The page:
Drug and Alcohol Addiction

Substance dependence is a significant problem in the United States, influencing millions of adults and posing a threat to public health and social well-being. According to the 2020 National Survey on Drug Use and Health, nearly three-quarters of adults with SUD struggled with alcohol consumption, which can have severe health consequences.

Severe mental illness is a chronic condition that substantially impairs a person’s ability to function and may be persistent. Substance abuse frequently co-occurs with mental disorders, resulting in complex treatment requirements and difficulties. The estimation that 17 million adults had both a substance use disorder and a mental illness highlights the significant overlap between substance abuse and mental health disorders, also known as dual diagnosis or co-occurring disorders.

This co-occurrence presents diagnostic, therapeutic, and recuperative difficulties that are unique. In 2020, 50% of people aged 12 and above used alcohol within the previous month, illustrating the pervasive nature of alcohol consumption in our culture. It is essential to promote responsible drinking, raise awareness about the dangers of excessive alcohol consumption, and offer assistance to your loved one battling alcoholism. Compared to adolescents aged 12 to 17, adults aged 18 to 25 and 26 or older had higher rates of alcohol consumption.

The correlation between major depressive episodes (MDE) and substance use disorder among 12 to 17-year-olds highlighted the connection between mental health and substance abuse, particularly in vulnerable populations. Early intervention and support are essential for addressing these co-occurring issues and preventing long-term adverse effects.

Getting Help for Your Loved One Dealing With Drug and Alcohol Addiction

If you have a loved one struggling with drug and alcohol addiction, it’s essential to know that treatment options are available to help them on their journey to recovery. Seeking professional help is crucial in effectively addressing addiction as the road to recovery is rarely a straight one.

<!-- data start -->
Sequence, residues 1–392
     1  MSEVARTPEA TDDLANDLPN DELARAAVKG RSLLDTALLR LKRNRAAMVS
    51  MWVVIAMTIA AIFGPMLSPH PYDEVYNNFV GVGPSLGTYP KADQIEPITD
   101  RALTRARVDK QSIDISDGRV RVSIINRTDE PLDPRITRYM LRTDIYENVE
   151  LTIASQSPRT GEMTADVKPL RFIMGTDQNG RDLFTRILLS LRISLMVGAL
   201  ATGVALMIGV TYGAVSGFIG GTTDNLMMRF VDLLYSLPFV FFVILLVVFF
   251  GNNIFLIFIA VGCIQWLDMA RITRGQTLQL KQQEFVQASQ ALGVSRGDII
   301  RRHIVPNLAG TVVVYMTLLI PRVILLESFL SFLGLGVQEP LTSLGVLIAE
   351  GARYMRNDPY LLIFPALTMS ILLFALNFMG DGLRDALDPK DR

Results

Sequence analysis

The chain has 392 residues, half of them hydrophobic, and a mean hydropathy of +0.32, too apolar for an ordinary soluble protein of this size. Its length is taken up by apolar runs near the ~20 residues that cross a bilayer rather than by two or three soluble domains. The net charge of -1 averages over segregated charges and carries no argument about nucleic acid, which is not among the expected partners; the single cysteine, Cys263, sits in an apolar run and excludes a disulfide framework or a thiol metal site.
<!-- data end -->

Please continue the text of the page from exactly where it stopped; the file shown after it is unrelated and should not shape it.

The initial step toward treatment is encouraging a loved one to recognize their addiction. It is crucial to approach them with empathy, understanding, and without judgment, fostering an atmosphere where they feel secure and supported. There are a variety of treatment options and strategies that can help your loved one overcome addiction.


Detoxification refers to a series of therapies that treat severe withdrawal symptoms and eliminate poisons from the system of an acutely intoxicated and dependent client. Detoxification aims to reduce the negative physiological effects of substance misuse. It is typically the first step in addiction treatment. Under medical supervision, toxic substances are eliminated from the body. Medical professionals can provide medications and support to alleviate withdrawal symptoms, making the process safe, pleasant, and feasible.

Inpatient Rehabilitation

Inpatient rehabilitation programs provide intensive, structured treatment in a residential environment. This treatment provides individuals with a highly supportive environment to concentrate solely on their recovery. Depending on the facility, they can access therapy sessions, counseling, group support, and various holistic approaches.

Outpatient Rehabilitation

Outpatient rehabilitation enables clients to continue living at home and carrying out their daily responsibilities while receiving treatment. These services include individual counseling, group therapy, educational workshops, and relapse prevention techniques. Outpatient treatment is optimal for individuals with less severe addictions or those transitioning from inpatient treatment.

Therapy and Counseling

Counseling and therapy are essential components of addiction treatment. Behavioral therapies, such as cognitive behavioral therapy (CBT), dialectical behavioral therapy (DBT), and motivational interviewing (MI), assist individuals in comprehending the underlying causes of their addiction, developing coping mechanisms, and learning relapse prevention techniques. Additionally, family therapy can be advantageous because it involves loved ones in the recovery process and helps rebuild relationships.

Support Groups

Support groups such as Alcoholics Anonymous (AA) and Narcotics Anonymous (NA) foster a sense of community and comprehension in their members. Typically, these organizations adhere to a 12-step program and provide peer support, mentoring, and accountability. Regular attendance at support group meetings can be extremely beneficial for long-term sobriety maintenance.

Medication-Assisted Treatment (MAT)

Medication-assisted treatment can be used for the treatment of chemical dependencies, including opioid and alcohol addiction. Medications such as methadone, buprenorphine, and naltrexone can help individuals manage their cravings and withdrawal symptoms, allowing them to concentrate on their recovery. MAT is typically used in conjunction with counseling and therapy for optimal effectiveness.

Aftercare and Continuing Support

Addiction recovery is ongoing, and aftercare is essential for long-term sobriety. Plans for aftercare may include continuous therapy, regular counseling sessions, participation in support groups, and access to community resources. Providing sustained support and understanding to your loved one during this phase is essential.

It’s crucial to have an optimistic outlook throughout the journey despite the difficulties and ambiguities that lie ahead. The influence of a loved one’s encouragement to seek assistance can be profound. Success is more likely if you first simplify the procedure into manageable chunks and then consult an expert if necessary by contacting 866-210-1303.